alwways
in a clean, intitialised state (unused pointer shoulb be clearly
NULL,
not with random content!
- use it
- free it so soon as possible because your program is not the only one
that uses lots of memory. It may give unused memory free for use in
other applications.
- free it so soon as possible because your program may need
another bigger chunk immediately after the action is done.
It helps houseceeping memory accessible on the system and in your
app.
- assign NULL to each pointer and its sibilings when you have free'd
the
memory it points to (superflous only when the pointer itself will
go out of usage and visibility immediately after the free().
That means you allocs memory to a automatic pointer at startup of a
function
and frees it when the function goes straight to return to its caller
For pointers at file or extern scope you should ALWAYS assign NULL
to it
to have clean setup an unused pointer. So the program will crash
definitely
whenever it accesses it at an unwanted time. You can so even call
free()
multiple times without any problem because free(NULL) does
definitely nothing
whereas free(pointer to already free'd memory) invokes undefined
behavior.



> 1. Let's suppose that I pass p into a function. If that function is the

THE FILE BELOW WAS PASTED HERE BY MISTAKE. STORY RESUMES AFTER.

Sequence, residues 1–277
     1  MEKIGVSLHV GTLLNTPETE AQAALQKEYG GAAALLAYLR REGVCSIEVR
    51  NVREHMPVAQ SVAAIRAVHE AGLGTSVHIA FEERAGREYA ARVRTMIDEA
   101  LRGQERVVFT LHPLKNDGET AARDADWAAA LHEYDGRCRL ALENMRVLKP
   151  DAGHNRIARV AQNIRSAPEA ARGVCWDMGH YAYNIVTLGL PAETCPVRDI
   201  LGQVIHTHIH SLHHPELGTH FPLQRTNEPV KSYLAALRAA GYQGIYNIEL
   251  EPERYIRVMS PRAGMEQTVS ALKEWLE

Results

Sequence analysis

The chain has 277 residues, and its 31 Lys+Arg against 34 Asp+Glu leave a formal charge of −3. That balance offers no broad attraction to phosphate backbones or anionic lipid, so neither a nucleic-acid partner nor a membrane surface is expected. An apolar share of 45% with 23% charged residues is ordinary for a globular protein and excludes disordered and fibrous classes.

> last one that will ever need p, then presumably I can (and should) free
> it. But what if p is also used elsewhere? At a certain point, it seems
> like I would have to write some kind of reference counter . . .


Who says that this fuction is definitely the last one? Yeah, You may
still use a helper fuction to allocate memory for the action you are
starting up - and another helper that cleans the action up.

But whatever you do be sure that the logic your program is in any way:
- startup an action (open resources needed by that action)
when not all resources needed accessible: cleanup and exit action or
whole process
- work on the action
On error underway: don't forget to cleanup the resources
before you breaks either the action or the whole process.
- cleanup the action (close resources)

> 2. On a similar note, when I pass a pointer to some allocated memory as
> an argument to a function, pass it back out, pass it in somewhere else,
> aren't I always dealing with the same memory block? Will it not suffice
> to release the memory after I'm done with all of this, or am I thinking
> about it incorrectly?


Depends. Whenever you needs a resoure like files or memory: